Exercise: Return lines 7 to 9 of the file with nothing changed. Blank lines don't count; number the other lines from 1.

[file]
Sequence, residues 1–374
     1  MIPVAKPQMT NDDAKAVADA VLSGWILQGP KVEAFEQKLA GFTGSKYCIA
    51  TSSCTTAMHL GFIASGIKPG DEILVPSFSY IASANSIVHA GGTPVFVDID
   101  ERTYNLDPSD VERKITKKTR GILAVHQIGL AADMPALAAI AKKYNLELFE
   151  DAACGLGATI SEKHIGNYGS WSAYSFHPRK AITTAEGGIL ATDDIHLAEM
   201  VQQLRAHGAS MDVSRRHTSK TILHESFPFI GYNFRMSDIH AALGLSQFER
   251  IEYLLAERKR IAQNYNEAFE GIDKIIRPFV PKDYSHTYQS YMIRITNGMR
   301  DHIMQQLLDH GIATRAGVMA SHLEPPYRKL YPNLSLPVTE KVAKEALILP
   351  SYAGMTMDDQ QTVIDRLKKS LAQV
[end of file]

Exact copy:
   251  IEYLLAERKR IAQNYNEAFE GIDKIIRPFV PKDYSHTYQS YMIRITNGMR
   301  DHIMQQLLDH GIATRAGVMA SHLEPPYRKL YPNLSLPVTE KVAKEALILP
   351  SYAGMTMDDQ QTVIDRLKKS LAQV